By Russell T. Nagata
Hawaii County Administrator University of Hawaii at Manoa College of Tropical Agriculture and Human Resources
Even if we live in paradise, where beautiful plants can be grown year-round outside in the garden, many of us enjoy having plants in our indoor or covered living spaces.
Indoor plants can be divided into two general types: those we keep indoors on a temporary basis such as blooming plants and those that are more or less permanently indoors which are usually foliage plants. For both types of plants, certain rules apply to get the best out of your plants. One of the most important aspects at which to be proficient, is the watering of your indoor plants. Unless you have air conditioning or a breezy home, your plant will probably need less water than if it were growing outside. With plants growing in soil or soilless mix, it is best to maintain the soil in a damp condition and waiting for the soil to dry between watering. I use the heaviness of the potted plant to determine watering. To do this, it is important to remember how heavy the plant is when well watered.
When the soil appears dry and the pot is light, it is time to water. If you have a dish beneath the plant, water slowly until the water starts to flow into the dish from the bottom drain holes. Let stand for three to five minutes and drain any excess water away. Although some gardeners recommend that the plant wilt slightly before you water house plants, this is a risky practice since this will add stress to the plant and the response can be the loss of foliage. Also, in a hot and dry environment, the beginning of wilting can be a day or less away from the permanent wilting point, where the plant will not survive. Plants, like orchids, that are grown in coarse media like cinders, gravel, coir, or hapu`u can be watered by watering the media in the sink and allowing excess water to drain away. Since these types of media do not hold much water, it is best to water when media appears dry.
The second important item to consider for indoor plants is the amount of light for proper maintenance of plant functions. Remember that light is important for plant growth since it supplies the energy source that allows plants to manufacture chemical energy used in all aspects of plant growth and maintenance. Both light quality and light quantity are important considerations. Plants can be subdivided into groups based on the amount of light necessary for plant growth and maintenance. Those that require direct sunlight for more than five to six hours a day will probably not do very well indoors or on the covered patio. Then there is the intermediate group that is happy with some shade and sun. These plants will do well in a sunny window with morning or afternoon sun shining through. Individuals in the final group are those that can be happy in perpetual shade, those plants that are normally understory plants in the forest. These plants will do well without direct sunlight.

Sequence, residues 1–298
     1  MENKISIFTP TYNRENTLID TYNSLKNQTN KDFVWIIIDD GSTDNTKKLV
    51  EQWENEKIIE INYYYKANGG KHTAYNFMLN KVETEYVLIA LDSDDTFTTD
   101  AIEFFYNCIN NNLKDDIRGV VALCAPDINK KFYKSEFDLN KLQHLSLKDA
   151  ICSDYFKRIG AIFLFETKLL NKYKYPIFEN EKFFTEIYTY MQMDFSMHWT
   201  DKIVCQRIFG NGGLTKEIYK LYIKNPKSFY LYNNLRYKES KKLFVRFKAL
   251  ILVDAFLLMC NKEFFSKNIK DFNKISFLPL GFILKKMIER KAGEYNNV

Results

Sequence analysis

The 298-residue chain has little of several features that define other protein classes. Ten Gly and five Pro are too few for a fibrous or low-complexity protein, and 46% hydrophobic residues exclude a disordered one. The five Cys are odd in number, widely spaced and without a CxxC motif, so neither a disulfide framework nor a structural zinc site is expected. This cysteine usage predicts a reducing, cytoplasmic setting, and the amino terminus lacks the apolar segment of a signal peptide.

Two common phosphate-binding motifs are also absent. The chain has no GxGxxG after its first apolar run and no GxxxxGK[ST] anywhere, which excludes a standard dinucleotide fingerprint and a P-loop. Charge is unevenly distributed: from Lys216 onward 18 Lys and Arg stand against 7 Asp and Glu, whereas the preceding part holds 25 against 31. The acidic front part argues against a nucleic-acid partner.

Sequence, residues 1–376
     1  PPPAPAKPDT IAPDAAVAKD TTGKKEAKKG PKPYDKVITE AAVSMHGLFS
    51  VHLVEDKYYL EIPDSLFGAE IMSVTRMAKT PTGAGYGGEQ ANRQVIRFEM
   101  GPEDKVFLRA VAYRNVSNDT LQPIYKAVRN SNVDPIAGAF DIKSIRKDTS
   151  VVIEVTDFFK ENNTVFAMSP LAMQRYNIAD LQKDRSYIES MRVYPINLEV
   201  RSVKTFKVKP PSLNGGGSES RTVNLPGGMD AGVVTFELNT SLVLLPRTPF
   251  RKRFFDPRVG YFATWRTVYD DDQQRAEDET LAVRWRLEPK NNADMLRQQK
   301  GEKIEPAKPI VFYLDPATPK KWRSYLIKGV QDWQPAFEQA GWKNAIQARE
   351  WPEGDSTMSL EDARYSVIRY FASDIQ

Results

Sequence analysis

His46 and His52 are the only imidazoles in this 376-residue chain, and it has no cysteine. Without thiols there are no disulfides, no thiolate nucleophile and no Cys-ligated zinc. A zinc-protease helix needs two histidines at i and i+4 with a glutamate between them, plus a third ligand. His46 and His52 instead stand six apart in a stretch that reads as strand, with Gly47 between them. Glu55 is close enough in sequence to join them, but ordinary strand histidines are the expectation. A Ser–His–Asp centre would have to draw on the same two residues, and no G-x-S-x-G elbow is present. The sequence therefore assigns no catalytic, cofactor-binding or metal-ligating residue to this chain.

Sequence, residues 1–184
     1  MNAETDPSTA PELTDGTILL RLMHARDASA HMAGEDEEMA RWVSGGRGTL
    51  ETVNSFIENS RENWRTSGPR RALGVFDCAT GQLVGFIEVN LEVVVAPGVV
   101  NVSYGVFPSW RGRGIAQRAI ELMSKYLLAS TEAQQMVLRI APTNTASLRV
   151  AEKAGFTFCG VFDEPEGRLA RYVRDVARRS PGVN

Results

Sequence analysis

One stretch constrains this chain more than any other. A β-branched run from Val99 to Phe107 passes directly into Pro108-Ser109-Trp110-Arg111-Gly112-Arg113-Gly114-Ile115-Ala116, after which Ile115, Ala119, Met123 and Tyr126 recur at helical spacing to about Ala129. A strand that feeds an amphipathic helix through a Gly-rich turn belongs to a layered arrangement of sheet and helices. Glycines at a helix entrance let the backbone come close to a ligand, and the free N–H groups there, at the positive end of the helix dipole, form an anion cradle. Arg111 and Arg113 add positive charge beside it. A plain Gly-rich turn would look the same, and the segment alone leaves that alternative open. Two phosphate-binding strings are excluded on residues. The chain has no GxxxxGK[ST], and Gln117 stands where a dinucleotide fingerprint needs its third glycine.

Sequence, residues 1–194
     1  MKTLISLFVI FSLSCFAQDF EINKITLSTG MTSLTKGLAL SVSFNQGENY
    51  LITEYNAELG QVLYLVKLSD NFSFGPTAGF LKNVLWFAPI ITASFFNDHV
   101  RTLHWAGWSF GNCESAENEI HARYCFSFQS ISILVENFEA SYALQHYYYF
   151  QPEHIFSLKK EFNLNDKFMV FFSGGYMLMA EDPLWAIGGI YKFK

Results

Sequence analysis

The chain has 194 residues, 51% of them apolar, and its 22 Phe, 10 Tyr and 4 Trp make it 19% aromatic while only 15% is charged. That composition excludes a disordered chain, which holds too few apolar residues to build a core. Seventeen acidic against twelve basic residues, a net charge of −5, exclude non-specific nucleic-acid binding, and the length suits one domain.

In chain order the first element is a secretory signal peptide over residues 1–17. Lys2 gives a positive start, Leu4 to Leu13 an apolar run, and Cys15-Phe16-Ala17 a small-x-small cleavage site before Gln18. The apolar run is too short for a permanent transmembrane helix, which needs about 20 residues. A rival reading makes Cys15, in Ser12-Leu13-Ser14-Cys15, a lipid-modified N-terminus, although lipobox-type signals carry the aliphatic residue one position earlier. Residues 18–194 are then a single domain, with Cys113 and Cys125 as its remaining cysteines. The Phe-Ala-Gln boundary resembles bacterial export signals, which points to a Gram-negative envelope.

Plants growing outside or in a greenhouse at a nursery are in their active growth mode; the growers need the plants to be the right size for sale. Due to the conditions of lower light normally found within indoor rooms or patios, plants need to be acclimatized to conditions to be experienced indoors. Plant growth needs to be slowed down by withholding fertilization, reduced watering, and slowly lowering light intensity. Plants that are properly acclimatized will adapt better to being indoors. These plants will not go into shocked and will maintain most of their leaves. Those that are shocked will drop many of their leaves in response to the sudden lower light, etc.
When bringing new plants into your house, be sure that you are not introducing pests into your home. Insects, small invertebrates (slugs and snails), and small vertebrates (frogs and lizards) love to hide in the moist growing media. You do not want to introduce harmful pest, especially those like little fire ants, into your home. Before you bring any plant into your home, check for hitchhikers on the plant and in the media. A small stick with peanut butter smeared on the end can be used to determine if little fire ants are present in the potting soil or on the plant. Check for aphids, mealybugs, and other insects that excrete honeydew that will make a sticky mess in your home and encourage mold to grow on the sugar-rich substance.
To test your indoor plant skills, when you receive a beautiful poinsettia this holiday season see how long you can keep it indoors. Locate that spot in the house or patio with the right amount of light, water carefully, inspect for pests, and it should still look beautiful at Easter. The real flowers will have died and fallen away, but the colorful bracts which are really leaves should still be showy.
For more information on this and other gardening topics, please visit the CTAHR electronic publication website at http://www.ctahr.hawaii.edu/Site/Info.aspx or visit any of the local Cooperative Extension Service offices around the Island. I can be reached at email@example.com.